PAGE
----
Father’s Day used to be a hard reminder of what my children didn’t have. Every year, the daycare would send home a craft that was made for each child’s daddy. I can still hear my kids saying, “Mommy, you can just have it” as they would hand me a baseball cutout frame that read, All Star Dad. I felt my kids deserved to proudly gift their craft to Dad, and having to settle for less hurt my very soul.
Fathers are not defined by shared blood or heritage, but rather by a loving relationship and emotional connection: a sentiment I held onto. I was tremendously blessed with a dad and brothers who took on that role for my children; but as a single mom, I longed for more.
I met my now husband, Ian, when I was a senior in high school, but our lives didn’t intertwine until much later — seven years later to be exact. We went out on a date by accident (a story I will save for later), and from that moment, we became inseparable. Things moved quickly, and after a short time I found myself sitting on the porch swing watching him play in the yard with my kids. I saw a glimpse into my future and the early stages of our family forming.
This Father’s Day, we celebrate the men in our lives. They pour into us, love us. And for our family, we celebrate a father who chose to be a father. My little girl always says, “Daddy chose us” . . . such a special thought she will get to carry for the rest of her life. My kids remember meeting Ian for the first time and still talk about the day they found him. They share a special bond with him and carry memories that many children do not have of their dad.
Nixson and Lily stood by his side when Ian proposed, asking if we could be a family. He asked to be their dad and their mommy’s husband, adding that he chose us. On our wedding day, I was walking down the aisle toward the three of them, looking at a man who made my children his own.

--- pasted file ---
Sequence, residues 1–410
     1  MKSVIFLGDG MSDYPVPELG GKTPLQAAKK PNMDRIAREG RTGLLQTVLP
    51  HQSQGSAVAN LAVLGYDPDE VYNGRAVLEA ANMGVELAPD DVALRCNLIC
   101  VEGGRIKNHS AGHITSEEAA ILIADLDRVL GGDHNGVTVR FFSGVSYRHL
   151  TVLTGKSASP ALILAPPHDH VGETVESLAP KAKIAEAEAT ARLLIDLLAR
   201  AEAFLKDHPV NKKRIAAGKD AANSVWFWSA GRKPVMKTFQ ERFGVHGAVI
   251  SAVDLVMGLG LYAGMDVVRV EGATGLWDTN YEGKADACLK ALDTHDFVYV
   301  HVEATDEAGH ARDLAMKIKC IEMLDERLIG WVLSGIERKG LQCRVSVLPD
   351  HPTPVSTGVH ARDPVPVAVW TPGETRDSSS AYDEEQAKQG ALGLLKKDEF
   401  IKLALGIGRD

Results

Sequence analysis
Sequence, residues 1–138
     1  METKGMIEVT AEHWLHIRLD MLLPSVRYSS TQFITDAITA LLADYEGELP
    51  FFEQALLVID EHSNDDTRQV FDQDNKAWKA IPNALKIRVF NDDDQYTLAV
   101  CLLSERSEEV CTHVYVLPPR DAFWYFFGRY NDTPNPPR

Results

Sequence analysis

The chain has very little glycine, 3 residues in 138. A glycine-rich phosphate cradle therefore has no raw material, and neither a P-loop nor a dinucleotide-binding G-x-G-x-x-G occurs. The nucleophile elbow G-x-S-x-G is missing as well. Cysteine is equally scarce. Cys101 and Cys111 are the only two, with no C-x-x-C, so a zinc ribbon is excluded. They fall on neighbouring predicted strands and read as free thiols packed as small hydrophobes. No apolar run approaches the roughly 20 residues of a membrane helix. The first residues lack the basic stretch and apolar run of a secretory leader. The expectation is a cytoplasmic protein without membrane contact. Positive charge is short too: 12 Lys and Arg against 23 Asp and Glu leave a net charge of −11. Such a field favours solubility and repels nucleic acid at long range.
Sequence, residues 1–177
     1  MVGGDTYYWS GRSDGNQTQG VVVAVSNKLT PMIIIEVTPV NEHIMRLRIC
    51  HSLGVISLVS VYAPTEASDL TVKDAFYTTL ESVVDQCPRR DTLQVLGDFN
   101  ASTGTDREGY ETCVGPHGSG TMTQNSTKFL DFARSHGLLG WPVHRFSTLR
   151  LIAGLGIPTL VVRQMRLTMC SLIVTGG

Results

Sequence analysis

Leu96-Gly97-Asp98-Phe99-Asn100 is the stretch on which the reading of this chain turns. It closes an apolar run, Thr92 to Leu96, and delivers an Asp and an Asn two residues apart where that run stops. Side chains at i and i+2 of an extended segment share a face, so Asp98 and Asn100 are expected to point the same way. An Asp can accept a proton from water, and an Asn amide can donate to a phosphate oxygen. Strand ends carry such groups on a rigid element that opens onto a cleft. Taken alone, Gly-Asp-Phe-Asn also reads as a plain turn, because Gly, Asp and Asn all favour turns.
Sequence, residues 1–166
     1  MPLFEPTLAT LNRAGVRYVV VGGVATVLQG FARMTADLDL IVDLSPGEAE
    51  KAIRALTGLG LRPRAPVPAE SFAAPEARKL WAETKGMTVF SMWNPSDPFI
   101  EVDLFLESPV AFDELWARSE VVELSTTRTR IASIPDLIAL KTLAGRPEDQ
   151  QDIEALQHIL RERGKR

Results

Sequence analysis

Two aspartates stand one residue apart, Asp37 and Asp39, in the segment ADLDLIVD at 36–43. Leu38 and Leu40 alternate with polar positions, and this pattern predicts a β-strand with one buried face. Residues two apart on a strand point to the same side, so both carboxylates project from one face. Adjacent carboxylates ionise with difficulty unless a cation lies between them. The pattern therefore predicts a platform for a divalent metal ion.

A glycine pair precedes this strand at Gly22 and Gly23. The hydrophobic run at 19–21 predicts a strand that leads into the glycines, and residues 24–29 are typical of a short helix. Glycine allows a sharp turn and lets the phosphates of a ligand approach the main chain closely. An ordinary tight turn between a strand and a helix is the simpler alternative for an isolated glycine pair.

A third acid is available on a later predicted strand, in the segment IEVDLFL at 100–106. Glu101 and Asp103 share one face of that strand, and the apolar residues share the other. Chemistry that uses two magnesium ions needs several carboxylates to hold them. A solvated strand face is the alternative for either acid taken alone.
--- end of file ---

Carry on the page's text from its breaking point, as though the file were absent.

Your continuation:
Since being married, I have a new respect for the men who become a father to the fatherless. I have seen, first hand, an amazing man step up to raise, unconditionally love, and nurture my kids, truly making them his own. The saying “blood is thicker than water” means absolutely nothing to us, and whether through family, friends, fostering, or adoption, many men have chosen to create a family and raise children who are not of their blood.
I have heard so many stories similar to ours, and to these special men, I salute you. To the men who help rebuild broken homes, who bring security and strength to the vulnerable, and who provide love to the abandoned, making a better life for their chosen . . . thank you.
To the man who chose mine, I love you. I love you for loving them, for making them yours . . . for making them ours. You have spoken life into darkness and given hope for the future, and you are raising up beautiful little souls who are better because of you. We are whole because of you. Today, we celebrate you!